Here's a great infographic from Precision Nutrition to help guide you in exercising while pregnant. If you experience back pain during pregnancy, remember that chiropractic care is safe and recommended. Connect with a Webster trained chiro, like myself ; )
After such a long harsh Canadian winter, signs of spring are finally all around us – green peeking through the grass, buds on the trees, and happy glowing pregnant moms to be! As a Webster trained chiropractor, I work with many pregnant women and often get asked questions about how to reduce the risk of back pain during pregnancy. Remaining active and healthy during and after pregnancy is one key way to keep your back aligned, and fortunately with High Park so close by, there are a number of community led groups who meet and exercise in the park.
The last trimester of pregnancy can be a very exciting and anxious time, and is unfortunately also when low back pain is most likely to make an appearance. It has been estimated that 50% of all pregnant women experience back pain during their pregnancy, however only 21% seek consultations with their physician or chiropractor (1). Back pain during pregnancy arises from mechanical, hormonal, and circulatory changes in the body. As your body works to adjust to the changes in your mechanics and a shift in your centre of gravity, your muscles and ligaments can work overtime to keep everything moving in proper alignment.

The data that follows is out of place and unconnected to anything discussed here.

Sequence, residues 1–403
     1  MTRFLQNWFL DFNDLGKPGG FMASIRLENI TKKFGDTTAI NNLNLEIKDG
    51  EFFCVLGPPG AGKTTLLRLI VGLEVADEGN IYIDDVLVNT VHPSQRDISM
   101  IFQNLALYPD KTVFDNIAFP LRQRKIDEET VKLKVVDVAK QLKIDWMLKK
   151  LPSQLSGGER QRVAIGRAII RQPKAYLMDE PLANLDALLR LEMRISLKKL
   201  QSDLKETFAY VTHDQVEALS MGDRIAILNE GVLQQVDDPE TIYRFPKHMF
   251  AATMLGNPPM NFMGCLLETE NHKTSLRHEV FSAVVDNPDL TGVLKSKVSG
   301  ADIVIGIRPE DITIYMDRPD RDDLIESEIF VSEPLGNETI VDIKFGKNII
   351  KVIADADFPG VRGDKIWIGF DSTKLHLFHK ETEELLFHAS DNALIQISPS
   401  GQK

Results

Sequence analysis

With the hormone Relaxin increasing in the body, ligaments and joints have greater laxity, and as a result can become much more sensitive to strain and dysfunction. The most common region to feel pain is in the sacroiliac joint area of the pelvis, which can lead to low back pain, hip, buttock, and sciatic nerve pain. Misalignment of the joints of the pelvis can result in tighter surrounding ligaments, tendons and muscles, and can also restrict your baby’s living quarters. There are things that you can do to manage your low back pain, for a more comfortable pregnancy, and gentle exercise is an important piece of the puzzle.
Chiropractors, particularly those of us who are trained in Webster Technique, can work alongside you to help you move with ease through all stages of pregnancy and post-partum. The Webster Technique, is a specific biomechanical analysis and chiropractic treatment protocol, which aims to assess the areas of dysfunction in your pelvis, with the goal of improving function, decreasing pain, and creating a more aligned and comfortable environment for the baby.